Viva Vivaldi!

vivaldi and trombone

Mashing up has become a great pastime for many a musician. Whether it’s sticking  (update) Linkin Park with Jay-Z or The Beatles with….Jay-Z, it’s all about picking an unusual combination and making it work wonders and cross boundaries.

 Well, the Hollywood Bowl took that as its modus operandi with the Four Seasons “con salsa” last night. The two unlikely bedfellows were Vivaldi in the guise of a miniaturized LA Phil and Salsa Dura, a salsa band with an even smaller orchestra. And over the course of the evening, they mated, took lessons from each other, and seemed to emerge more potent as the result.

 It wasn’t without its flaws. For one thing, the first half of the concert was Handel, which played almost like an opening act at a rock concert. During intermission the question was…hey, where is the salsa!

They came on after the intermission and proceeded to throwback expectations. We’d get Vivaldi’s Spring and then Salsa’s Spring. It reminded me of an educational video I once saw that pitted Tchaikovsky’s Nutcracker (led by Seiji Ozawa) versus Duke Ellington’s version of the same music (led by Wynton Marsalis). You could almost not tell any of the similarities even though the music was the same. Style seemed to trump substance.

 And that was certainly true last night. Our violin soloist, Pekka Kuusisto, played the Vivaldi with the flair of a fiddle player. He came out in black shirt and oozed a kind of Nigel Kennedy-esque irreverence. At times his playing was a little too loose (i.e. sloppy), but overall he was dazzling as a pure entertainer…a Lang Lang of the violin.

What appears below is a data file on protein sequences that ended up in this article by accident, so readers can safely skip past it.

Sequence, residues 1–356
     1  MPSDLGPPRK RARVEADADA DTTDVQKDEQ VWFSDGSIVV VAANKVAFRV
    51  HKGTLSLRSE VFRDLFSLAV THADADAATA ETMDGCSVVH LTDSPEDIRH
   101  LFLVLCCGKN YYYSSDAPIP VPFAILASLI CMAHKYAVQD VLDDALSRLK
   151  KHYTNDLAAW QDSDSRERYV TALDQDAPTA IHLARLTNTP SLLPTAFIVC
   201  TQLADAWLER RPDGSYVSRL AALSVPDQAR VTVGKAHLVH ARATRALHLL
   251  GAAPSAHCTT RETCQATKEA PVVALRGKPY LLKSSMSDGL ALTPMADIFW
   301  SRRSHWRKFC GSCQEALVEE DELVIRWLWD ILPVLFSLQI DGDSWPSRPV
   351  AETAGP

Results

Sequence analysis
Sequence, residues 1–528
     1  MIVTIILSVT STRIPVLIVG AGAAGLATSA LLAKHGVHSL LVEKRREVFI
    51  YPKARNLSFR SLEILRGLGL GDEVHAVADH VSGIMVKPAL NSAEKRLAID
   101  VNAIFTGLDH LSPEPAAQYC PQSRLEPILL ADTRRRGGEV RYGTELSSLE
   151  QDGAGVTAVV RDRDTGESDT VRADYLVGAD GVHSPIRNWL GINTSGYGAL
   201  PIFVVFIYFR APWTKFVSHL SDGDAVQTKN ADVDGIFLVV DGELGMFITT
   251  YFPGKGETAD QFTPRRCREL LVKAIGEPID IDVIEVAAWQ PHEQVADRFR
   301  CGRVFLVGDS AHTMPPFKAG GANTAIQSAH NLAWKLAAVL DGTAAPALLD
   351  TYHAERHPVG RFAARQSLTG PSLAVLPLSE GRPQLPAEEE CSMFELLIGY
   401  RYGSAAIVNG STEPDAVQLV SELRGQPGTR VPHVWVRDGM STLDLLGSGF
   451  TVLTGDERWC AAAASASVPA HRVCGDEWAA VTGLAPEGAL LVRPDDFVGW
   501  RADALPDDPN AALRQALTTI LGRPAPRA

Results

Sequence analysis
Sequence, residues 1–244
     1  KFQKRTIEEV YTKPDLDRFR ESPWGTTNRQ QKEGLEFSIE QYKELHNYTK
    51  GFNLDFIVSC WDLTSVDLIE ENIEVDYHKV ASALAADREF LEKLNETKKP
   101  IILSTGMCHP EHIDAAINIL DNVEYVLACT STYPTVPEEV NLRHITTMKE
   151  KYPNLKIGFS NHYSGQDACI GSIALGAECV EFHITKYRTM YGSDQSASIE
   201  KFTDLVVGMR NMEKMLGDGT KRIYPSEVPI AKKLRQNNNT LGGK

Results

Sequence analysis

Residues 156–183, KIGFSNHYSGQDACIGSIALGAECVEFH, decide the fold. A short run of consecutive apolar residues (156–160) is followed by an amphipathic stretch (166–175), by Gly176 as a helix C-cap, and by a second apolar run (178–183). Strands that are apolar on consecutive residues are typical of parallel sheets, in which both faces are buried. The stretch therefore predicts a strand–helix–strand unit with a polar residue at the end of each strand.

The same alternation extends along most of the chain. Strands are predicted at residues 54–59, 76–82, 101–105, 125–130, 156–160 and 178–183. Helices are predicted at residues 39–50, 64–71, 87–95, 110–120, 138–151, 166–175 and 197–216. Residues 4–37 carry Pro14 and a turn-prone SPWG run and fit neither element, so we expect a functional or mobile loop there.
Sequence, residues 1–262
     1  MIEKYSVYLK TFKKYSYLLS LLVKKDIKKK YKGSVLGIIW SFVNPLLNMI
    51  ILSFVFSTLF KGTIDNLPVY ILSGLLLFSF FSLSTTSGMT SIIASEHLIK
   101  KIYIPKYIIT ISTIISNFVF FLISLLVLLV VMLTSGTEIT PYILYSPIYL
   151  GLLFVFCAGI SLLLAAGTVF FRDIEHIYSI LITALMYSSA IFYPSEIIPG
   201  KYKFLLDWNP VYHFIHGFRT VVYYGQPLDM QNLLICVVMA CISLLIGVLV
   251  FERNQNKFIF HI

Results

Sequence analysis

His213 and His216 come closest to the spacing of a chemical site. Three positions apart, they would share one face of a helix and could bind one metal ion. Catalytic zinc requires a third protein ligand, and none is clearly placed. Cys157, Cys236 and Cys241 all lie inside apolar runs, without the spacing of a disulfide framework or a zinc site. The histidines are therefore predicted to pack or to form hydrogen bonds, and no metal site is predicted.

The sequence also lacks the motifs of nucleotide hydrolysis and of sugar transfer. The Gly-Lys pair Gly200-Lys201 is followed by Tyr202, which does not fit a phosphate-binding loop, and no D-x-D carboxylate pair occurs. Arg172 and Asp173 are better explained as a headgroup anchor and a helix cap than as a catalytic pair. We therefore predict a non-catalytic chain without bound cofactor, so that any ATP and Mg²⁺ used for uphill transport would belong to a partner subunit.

Pekka slowly weaves his way into the salsa band and eventually has musical conversations with the trombonist. With almost the energy of a mismatched rap battle, it was added value for all concerned. The crowd was pretty happy with what was going on. When the fast section of Summer appeared, the crowd welcomed it as the badass piece that it is, not just a nice classical ditty.

Mark Swed writes a pretty good review of the concert. I would have to disagree that the ingredients didn’t feel mixed enough. I think that making things feel more raw and less polished gave the event a kind of charm. For example, combining salsa and baroque music is such a great concept, but to have it work you really need everyone on the same page. The people who came for salsa needed to know what Vivaldi was like (as if they needed help…but sometimes they do). The people who came for Vivaldi needed a little lesson in what salsa does….in fact, there were salsa dancing lessons earlier on in the evening. A mash-up only works with things that are popular and known otherwise the joke, the joy of creating a musical Frankenstein, is lost.

Being a little more casual than the typical Thursday night concert, it really made it worth parking at Hollywood and Highland and walking all the way up. Now I want to do a mash up of my own…off the top of my head I would combine Steve Reich with Frank Sinatra….um……..drumming with My Way. Yeah!

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